The drill string is rotated in the conventional manner so as to cause bit 27 to drill deeper into the earth. After drilling fluid 17 exits jet 29, it normally flows up the annulus formed between borehole 10 and drill collars 30 as at 35 and thence up the annulus formed between borehole 11 and drill pipe 32 as at 36 and thence upwardly within casing 11 to exit bell nipple 16 through outlet 18. Flow path 38 comprises the interior of the drill string, jet 29, annulae 35, 36, and the interior of casing 11. A connection as at 37 within the drill string can occasionally develop a leak allowing a portion of the drilling fluid within the drill string to flow through connection 37 and into annulus 36 to thereby bypass the portion of the drill string below connection 37 and to defeat the purposes of drilling fluid 17 as previously described and as is well known in the art. This bypass condition is termed a washout. Since the surface of drilling fluid 17 is substantially at the input level of the drilling fluid, the hydrostatic pressure due to weight of the drilling fluid is effectively balanced between the interior of the drill string and the annulus at any given level. Therefore, this invention deals primarily with the circulating pressure along the flow path which is at a maximum at the top of the drill string and which diminishes as it flows along the flow path to zero upon reaching the surface.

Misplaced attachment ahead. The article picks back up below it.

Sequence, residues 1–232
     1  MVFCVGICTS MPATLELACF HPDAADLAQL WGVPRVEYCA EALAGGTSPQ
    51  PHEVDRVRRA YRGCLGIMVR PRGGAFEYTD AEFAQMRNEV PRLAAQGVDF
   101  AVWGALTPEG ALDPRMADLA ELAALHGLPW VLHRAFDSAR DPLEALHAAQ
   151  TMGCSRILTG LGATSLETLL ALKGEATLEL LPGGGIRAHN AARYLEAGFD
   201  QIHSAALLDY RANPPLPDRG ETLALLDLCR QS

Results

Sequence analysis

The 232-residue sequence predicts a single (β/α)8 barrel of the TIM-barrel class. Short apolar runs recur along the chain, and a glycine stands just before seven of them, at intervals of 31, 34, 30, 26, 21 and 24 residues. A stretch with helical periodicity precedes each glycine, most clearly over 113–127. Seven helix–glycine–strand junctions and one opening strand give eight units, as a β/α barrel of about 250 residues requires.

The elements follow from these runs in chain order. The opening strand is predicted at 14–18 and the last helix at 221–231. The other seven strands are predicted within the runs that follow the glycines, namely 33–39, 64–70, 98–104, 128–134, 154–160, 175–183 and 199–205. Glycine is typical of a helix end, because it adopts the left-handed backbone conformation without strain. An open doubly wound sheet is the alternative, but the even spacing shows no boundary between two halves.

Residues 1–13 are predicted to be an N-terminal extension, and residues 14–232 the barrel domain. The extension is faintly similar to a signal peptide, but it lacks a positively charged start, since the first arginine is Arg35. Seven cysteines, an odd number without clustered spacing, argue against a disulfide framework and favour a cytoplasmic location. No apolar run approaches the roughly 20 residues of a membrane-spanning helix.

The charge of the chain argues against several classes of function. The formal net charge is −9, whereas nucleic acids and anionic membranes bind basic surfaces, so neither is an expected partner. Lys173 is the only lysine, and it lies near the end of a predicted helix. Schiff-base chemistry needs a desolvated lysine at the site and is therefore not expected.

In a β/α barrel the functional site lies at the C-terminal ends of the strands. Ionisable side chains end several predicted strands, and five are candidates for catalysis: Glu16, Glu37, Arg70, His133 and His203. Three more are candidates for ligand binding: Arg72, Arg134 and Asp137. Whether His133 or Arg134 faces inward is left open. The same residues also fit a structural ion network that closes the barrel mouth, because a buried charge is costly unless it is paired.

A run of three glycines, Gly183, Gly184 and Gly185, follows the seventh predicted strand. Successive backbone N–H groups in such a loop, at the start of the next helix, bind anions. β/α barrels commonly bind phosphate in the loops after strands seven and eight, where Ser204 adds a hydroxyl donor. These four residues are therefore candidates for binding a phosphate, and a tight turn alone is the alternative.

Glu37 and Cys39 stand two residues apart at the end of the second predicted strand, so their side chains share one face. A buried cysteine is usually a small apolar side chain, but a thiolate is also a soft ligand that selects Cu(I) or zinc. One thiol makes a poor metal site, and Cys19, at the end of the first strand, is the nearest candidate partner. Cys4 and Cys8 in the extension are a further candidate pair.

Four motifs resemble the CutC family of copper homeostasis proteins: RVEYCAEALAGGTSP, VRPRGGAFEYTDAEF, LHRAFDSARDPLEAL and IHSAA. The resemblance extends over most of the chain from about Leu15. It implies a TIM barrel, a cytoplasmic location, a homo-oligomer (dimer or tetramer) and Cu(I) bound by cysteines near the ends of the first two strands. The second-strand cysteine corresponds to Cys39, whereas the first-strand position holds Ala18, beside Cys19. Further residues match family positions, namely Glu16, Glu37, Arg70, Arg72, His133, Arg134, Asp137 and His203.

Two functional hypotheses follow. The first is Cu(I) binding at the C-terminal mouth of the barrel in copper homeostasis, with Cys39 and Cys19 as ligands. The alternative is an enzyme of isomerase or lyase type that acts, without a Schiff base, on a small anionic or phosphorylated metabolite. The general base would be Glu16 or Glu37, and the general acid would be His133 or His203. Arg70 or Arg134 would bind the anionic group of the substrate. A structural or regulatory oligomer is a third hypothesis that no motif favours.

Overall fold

The line of FIG. 2 shows the normal circulating pressure continuously decreasing as the fluid flows from the top of the drill pipe as at surface 50 through the drill pipe, to depth 51, through the drill collars, to bit depth 52, through drill bit jet 29 from 52 to 53, through annulus 35 back to depth 51 and through annulus 36 back to the surface as at 50. The pump pressure as at 55 equals the pressure loss 70 inside of the drill pipe, plus pressure loss 72 inside of the drill collars, plus the pressure loss 74 across the bit, plus pressure loss 76 in the annulus around the drill collars, plus pressure loss 78 in the annulus around the drill pipe.